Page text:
Marjorie Hillis

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Marjorie Hillis
Marjorie Hillis in 1937
Marjorie Hillis in 1937
Born1889
Peoria, Illinois
Died1971
OccupationMagazine editor, author
Nationality United States
Alma materMiss Dana's School for Young Ladies
GenreWomen's nonfiction
Notable worksLive Alone and Like It, Orchids on Your Budget
SpouseThomas Henry Roulston

Marjorie Hillis (1889–1971) was an American author of popular nonfiction books for women in the 1930s. Her book Live Alone and Like It was one of the most popular titles of the decade.

Early life[edit]

Born Margaret Louise Hillis in Peoria, Illinois, Marjorie Hillis was the second of three children of Dr. Newell Dwight Hillis (1858-1929), a Congregationalist minister, and Annie Louise Patrick Hillis (1862-1930), herself a published author. [1] The family moved to Brooklyn, New York, in 1899, when Marjorie's father became pastor of Plymouth Congregational Church there, a pulpit once held by the famous abolitionist Henry Ward Beecher. After completing her education at Miss Dana's School for Young Ladies, a private school in New Jersey, and traveling abroad for a year, Marjorie went to work writing captions for Vogue magazine's pattern book.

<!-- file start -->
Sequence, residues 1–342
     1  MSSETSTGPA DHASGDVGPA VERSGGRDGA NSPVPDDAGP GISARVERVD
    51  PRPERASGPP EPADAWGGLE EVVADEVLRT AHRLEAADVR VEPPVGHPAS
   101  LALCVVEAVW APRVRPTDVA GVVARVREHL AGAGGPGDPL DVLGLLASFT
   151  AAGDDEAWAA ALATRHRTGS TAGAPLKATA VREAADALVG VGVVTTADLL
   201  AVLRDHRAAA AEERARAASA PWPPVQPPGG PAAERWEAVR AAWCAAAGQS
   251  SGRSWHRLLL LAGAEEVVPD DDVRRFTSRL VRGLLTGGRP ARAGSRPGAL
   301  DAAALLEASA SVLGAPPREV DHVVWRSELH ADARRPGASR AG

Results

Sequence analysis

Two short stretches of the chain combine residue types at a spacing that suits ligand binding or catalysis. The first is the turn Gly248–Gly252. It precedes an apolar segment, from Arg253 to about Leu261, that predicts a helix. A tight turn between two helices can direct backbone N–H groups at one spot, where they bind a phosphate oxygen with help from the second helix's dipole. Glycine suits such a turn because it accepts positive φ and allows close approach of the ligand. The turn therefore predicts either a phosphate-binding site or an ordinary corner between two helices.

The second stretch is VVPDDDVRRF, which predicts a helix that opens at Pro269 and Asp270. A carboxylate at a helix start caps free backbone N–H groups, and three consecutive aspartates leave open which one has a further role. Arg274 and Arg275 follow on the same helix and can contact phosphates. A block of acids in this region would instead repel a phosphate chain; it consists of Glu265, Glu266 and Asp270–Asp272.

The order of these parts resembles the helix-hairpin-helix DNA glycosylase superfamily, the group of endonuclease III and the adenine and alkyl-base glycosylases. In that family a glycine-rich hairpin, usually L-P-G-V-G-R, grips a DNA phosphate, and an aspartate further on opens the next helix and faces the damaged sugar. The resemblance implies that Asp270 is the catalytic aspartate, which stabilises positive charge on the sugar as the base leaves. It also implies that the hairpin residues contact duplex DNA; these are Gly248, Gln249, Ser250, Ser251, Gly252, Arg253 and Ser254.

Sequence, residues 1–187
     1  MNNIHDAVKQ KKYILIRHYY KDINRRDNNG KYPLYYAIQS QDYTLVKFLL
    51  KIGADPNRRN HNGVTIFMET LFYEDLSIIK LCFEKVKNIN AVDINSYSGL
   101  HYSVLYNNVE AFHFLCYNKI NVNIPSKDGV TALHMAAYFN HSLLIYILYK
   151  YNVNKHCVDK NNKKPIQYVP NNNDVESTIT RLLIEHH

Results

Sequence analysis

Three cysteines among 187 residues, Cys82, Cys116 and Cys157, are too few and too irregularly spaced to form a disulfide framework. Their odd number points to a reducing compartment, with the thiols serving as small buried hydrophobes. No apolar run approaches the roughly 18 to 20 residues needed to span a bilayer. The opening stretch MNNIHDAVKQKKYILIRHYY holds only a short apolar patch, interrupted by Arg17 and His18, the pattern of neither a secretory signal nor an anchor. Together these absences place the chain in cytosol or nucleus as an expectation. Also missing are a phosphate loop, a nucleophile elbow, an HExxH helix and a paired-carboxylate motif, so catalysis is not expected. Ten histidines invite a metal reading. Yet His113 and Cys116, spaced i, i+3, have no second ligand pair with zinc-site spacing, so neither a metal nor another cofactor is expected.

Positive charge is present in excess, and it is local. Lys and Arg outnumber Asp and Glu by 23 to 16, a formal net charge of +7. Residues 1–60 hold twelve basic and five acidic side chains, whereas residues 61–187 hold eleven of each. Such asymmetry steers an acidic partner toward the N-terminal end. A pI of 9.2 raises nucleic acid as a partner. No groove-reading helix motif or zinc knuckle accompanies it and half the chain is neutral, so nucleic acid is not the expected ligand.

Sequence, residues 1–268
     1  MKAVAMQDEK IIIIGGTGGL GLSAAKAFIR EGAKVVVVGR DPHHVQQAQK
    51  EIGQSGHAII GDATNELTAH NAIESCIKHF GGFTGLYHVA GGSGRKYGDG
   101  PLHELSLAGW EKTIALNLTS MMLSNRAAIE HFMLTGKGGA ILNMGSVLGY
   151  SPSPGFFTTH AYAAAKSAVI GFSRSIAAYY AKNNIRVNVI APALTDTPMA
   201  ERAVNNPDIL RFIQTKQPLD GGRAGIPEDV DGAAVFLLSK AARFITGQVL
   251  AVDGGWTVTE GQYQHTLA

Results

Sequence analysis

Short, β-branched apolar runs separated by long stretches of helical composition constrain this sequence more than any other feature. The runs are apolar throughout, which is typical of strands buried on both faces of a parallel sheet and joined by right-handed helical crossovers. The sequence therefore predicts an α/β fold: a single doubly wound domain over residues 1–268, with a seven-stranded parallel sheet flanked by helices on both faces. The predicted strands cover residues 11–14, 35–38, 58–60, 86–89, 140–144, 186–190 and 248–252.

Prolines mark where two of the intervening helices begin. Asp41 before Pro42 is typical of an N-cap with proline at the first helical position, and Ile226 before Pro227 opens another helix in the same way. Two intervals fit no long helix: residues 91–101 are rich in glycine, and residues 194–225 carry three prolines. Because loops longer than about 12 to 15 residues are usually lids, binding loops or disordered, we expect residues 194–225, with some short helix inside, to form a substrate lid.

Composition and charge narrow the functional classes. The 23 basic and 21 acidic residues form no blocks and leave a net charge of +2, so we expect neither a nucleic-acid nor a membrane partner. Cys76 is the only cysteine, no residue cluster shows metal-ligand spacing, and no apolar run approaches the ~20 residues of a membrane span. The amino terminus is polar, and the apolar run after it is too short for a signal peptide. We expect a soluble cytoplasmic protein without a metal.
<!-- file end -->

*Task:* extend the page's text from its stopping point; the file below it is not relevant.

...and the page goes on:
Literary career[edit]

Hillis eventually became Vogue's assistant editor. In 1936, she published the year's number eight nonfiction bestseller, Live Alone and Like It, an advice book for young women on how to live independently. [2] It was followed in 1937 by Orchids on Your Budget, which became that year's number five nonfiction bestseller.[3] Orchids on Your Budget, which was subtitled Live Smartly on What You Have, was built around hypothetical “cases” that encouraged women to match their goals with their financial means.

Personal life[edit]

In 1939, Hillis married Thomas Henry Roulston, a widower who owned a chain of grocery stores in Brooklyn. He died in 1949. She died in 1971. They are buried in Green-Wood Cemetery in Brooklyn.

Notes and references[edit]

  1. ^ Annie Louise Patrick Hillis wrote The American Woman and Her Home, published in 1911.
  2. ^ "20th-Century American Bestsellers Database: Annual Bestsellers, 1930-1939 (Rankings from Bowker's Annual/Publisher's Weekly)". Brandeis University Department of English. Archived from the original on May 23, 2014. Retrieved August 25, 2014.
  3. ^ Ibid.

External links[edit]